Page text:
40 people were sheltered at Lynfred Winery during Highland Park mass shooting

  • Matt Phillips, director of tasting room operations, helps Lynfred Winery host its grand opening in Highland Park Wednesday. During the mass shooting that took place at the Highland Park Fourth of July parade, he sheltered 40 people inside the downtown business for four hours.

      Matt Phillips, director of tasting room operations, helps Lynfred Winery host its grand opening in Highland Park Wednesday. During the mass shooting that took place at the Highland Park Fourth of July parade, he sheltered 40 people inside the downtown business for four hours. Joe Lewnard | Staff Photographer

 
 
Updated 7/28/2022 9:40 AM

Lynfred Winery's Matt Phillips saw the Fourth of July parade as an opportunity to welcome "new faces" into the tasting room and serve mimosas when he opened the doors to the new Highland Park location on St. Johns Avenue at 10 a.m. that fateful day.

Just 14 minutes later, he was sheltering nearly 40 people who ran for cover when an active shooter, armed with a semi-automatic rifle, opened fire on the parade from a rooftop just over a block away.

 

Seven people were killed and three dozen were wounded when the assailant fired more than 80 rounds from his perch at the intersection of Central Avenue and Second Street.

At first, Phillips, who serves as director of tasting room operations, thought the sound of the shots being fired were coming from a drill team or from fireworks, but his partner, who was standing in the doorway, stated that it sounded like gunshots.

"Shortly after the parade started, that's when everything happened, and people started running down Central toward St. Johns, and that's when it became evident that it was an active-shooter situation," Phillips said.

"People started coming into the facility, and either ran directly through the back door out into the alley behind us, or started to find places to hide within the building."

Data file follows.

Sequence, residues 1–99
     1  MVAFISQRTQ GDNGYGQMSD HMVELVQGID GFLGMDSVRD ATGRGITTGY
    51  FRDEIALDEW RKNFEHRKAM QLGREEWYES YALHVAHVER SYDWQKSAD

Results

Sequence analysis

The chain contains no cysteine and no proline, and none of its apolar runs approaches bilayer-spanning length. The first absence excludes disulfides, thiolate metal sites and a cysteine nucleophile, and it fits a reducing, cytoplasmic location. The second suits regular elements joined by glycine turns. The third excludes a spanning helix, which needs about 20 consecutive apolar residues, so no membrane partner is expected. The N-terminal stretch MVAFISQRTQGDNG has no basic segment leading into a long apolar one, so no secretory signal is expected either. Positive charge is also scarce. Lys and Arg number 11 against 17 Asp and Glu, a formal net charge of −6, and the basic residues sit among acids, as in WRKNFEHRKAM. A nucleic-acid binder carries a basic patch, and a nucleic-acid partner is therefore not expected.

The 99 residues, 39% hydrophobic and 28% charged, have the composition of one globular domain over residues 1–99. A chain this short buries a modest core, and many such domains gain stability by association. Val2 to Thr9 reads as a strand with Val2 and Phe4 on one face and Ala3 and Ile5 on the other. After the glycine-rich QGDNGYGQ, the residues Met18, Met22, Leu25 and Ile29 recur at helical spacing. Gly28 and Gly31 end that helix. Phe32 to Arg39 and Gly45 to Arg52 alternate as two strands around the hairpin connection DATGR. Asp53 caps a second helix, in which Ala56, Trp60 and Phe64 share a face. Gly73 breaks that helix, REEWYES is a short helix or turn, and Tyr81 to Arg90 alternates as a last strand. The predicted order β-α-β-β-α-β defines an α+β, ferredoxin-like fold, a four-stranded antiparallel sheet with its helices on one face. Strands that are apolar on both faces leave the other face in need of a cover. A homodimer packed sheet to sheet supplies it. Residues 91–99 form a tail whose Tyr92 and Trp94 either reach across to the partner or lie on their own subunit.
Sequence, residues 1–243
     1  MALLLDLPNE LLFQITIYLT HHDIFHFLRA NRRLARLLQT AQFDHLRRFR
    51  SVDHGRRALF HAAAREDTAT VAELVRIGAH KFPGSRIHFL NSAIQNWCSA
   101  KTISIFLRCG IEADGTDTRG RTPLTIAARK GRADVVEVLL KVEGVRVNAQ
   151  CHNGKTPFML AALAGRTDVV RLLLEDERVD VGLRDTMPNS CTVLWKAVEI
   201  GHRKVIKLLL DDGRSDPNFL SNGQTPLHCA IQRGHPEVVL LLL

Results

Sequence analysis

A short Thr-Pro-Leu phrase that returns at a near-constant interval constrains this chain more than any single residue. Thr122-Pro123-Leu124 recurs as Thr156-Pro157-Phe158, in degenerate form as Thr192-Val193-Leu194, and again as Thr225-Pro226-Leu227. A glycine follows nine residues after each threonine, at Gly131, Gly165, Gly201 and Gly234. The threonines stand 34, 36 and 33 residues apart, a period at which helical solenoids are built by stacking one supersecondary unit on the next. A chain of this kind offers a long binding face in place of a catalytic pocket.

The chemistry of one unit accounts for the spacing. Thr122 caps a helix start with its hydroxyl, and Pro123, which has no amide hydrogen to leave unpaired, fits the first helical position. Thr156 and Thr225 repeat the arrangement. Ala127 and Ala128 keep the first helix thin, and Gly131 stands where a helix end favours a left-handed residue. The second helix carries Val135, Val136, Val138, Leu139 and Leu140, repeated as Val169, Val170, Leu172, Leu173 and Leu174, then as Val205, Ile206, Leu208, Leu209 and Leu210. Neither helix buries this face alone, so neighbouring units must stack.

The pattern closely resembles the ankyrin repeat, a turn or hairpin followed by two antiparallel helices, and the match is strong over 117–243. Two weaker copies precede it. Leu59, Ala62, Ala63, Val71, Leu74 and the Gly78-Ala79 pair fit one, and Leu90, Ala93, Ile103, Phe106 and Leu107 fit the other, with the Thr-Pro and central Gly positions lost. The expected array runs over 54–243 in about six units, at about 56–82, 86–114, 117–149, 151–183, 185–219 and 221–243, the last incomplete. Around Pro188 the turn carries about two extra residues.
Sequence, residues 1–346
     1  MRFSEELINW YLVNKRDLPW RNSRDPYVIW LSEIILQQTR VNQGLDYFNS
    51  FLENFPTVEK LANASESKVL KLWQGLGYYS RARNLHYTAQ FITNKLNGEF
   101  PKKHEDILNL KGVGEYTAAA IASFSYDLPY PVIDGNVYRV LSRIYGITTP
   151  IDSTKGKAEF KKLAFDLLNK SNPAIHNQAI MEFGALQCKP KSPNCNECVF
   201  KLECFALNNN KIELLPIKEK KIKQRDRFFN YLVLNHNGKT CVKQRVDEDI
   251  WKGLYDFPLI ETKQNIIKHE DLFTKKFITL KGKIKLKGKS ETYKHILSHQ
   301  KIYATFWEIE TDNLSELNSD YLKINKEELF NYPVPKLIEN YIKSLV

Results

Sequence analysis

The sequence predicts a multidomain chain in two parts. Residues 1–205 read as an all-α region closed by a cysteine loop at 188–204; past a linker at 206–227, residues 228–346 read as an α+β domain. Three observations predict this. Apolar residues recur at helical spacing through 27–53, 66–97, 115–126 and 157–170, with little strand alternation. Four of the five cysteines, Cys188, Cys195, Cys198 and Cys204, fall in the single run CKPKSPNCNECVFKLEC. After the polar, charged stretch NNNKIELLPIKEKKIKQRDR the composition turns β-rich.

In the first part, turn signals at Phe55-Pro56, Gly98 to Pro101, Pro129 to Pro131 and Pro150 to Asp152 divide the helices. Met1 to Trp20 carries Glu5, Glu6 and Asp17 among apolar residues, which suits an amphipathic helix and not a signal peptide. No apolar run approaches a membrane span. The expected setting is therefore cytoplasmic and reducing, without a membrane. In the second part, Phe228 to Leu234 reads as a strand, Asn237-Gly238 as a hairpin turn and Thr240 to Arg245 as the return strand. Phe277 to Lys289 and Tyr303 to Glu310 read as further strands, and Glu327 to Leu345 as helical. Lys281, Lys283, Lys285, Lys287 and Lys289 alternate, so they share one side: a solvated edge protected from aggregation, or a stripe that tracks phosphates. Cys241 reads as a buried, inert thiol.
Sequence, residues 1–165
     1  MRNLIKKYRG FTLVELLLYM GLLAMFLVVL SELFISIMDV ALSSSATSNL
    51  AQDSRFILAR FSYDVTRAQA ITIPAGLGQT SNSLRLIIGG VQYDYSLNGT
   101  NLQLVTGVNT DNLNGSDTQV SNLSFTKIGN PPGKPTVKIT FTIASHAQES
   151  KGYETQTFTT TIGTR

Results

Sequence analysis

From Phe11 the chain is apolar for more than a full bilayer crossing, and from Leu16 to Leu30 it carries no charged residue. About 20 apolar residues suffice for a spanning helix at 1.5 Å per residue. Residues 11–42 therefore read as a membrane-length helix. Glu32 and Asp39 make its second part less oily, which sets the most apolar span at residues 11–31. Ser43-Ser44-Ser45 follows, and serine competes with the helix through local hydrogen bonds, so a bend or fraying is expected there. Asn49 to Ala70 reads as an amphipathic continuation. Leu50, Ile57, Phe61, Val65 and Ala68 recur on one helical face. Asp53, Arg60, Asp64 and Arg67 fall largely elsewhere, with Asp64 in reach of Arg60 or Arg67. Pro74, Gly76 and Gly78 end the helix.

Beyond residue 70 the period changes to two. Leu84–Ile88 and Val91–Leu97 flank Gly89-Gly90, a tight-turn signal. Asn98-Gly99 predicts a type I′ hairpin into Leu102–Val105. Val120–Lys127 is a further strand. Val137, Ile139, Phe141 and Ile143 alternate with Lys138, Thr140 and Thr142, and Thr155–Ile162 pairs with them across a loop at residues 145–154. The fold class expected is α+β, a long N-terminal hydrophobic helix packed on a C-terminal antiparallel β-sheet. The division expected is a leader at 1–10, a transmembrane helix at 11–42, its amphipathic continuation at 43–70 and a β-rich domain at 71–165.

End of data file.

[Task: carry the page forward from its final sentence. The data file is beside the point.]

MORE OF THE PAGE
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Paradegoers hid in the bathrooms, the basement, a storage room, the office and in the tasting room, away from the windows, Phillips said.

"It became a main spot for families and other paradegoers just finding places to hide and wait for more information," Phillips said.

Once everyone was inside and the door was locked, that's when the adrenaline kicked in, Phillips said. He just wanted to make sure everyone was safe and calm.

"It was more kind of disbelief the first portion of it, and waiting to get updates. Phillips said. "Once the news reports came out, we got a little more of a picture of what was going on."

Phillips said it was not known if it was one or multiple shooters, that so much was unknown, and it was definitely scary.

"The fear started to slip away and it just kind of became ... you're just on the verge of tears the entire time. I'm just thinking, you know, a 'simple, pleasant day' and just the horror that transpired," Phillips said. "And looking around the room at all these new faces, and a lot of them being these small children and the elderly, and it was just heartbreaking."

                                                                                                                                                                                                                       
 

He said by 2 p.m., police "SWAT teams" started doing storefront checks, swept the building and took statements from some of the paradegoers. Finally, everyone was able to leave.

People came by the next day and expressed gratitude toward Phillips for being open and for offering them a safe place to hide, and one family retrieved a stroller that was left behind.

"In those moments, I get a little choked up about it," Phillips said. 'It was nice to see those faces again and sort of connect with everybody."

He has received thank-you cards and messages, and more people have stopped by the store to say "thank you."

"It's been overwhelming," Phillips said. "The community has been so beyond incredible through all of this."

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